Former economic affairs secretary EAS Sarma has written to Prime Minister Manmohan Singh, asking him not to accept the Rangarajan committee's report to review the existing gas price of $4.2/million British thermal units (mBtu), as this would result in a profit of $313 million for Reliance Industries Limited (RIL), without any additional investment or effort by the company.
"The letter says the unit cost of gas from the KG Basin may not exceed $0.6 per mBtu.
If the existing price of $4.2/mbtu, which in itself is questionable, were to be revised to, say, $10/mbtu, around the level resulting from the Rangarajan pricing formula, it would imply an increase of $5.80," Sarma said in his letter.
"These profits would accrue without any additional investment or effort on the part of RIL. Over the lifetime of the gas field, the additional windfall profits will run into billions of dollars," Sarma told Business Standard.
An RIL spokesperson said the company wasn't aware of the letter and didn't want to comment on the matter.
Sarma's letter said natural gas markets were highly fragmented and there was no reliable price-discovery mechanism in place across the world.
Depending on supply-demand fluctuations, gas prices varied and, therefore, any limited tender arrangement could be misleading, he said.
"RIL offered to supply gas from the KG basin to NTPC at $2.34 per mBtu, but at that time, the group of minister constituted by the government chose to close its eyes to it and ignored the advice given to it by officials," Sarma said.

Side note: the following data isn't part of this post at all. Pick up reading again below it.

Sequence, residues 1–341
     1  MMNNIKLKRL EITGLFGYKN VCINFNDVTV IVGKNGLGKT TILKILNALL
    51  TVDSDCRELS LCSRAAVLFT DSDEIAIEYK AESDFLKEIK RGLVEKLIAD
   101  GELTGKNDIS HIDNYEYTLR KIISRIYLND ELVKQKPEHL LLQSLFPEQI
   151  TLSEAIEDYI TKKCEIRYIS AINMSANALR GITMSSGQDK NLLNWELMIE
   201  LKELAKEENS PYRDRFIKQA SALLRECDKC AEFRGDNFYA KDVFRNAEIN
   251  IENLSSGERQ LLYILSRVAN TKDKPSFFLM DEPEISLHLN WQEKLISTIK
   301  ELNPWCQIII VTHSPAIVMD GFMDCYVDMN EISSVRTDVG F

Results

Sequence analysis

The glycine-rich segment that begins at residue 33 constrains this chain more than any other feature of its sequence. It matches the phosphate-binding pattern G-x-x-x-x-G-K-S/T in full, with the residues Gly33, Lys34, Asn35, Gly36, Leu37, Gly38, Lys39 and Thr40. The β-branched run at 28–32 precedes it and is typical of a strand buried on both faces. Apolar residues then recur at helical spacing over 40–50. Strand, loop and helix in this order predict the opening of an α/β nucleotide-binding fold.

In the absence of a reliable market, the only way to determine the price of gas is through an independent, rule-based regulatory authority appointed under the law.
But Sarma said the government had deliberately disempowered the petroleum regulator, only to hand over the responsibility to the group of ministers, which was only a political entity.
"RIL had originally overestimated the KG Basin gas reserves and claimed the reimbursement of a huge amount towards the investments reported to have been made. It had promised gas availability of up to 80 million cubic metres a day.
As of now, the reserves may not exceed one-fifth of the originally disclosed estimate. Gas availability has hardly exceeded 30 million cubic metres a day," Sarma said in the letter.
Assuming RIL would provide them enough gas, several developers of gas-based power plants had made large investments on their projects.
"Their plants are running at less than a third of the capacities. As a result, Andhra Pradesh has been thrown into an unprecedented power crisis," Sarma said.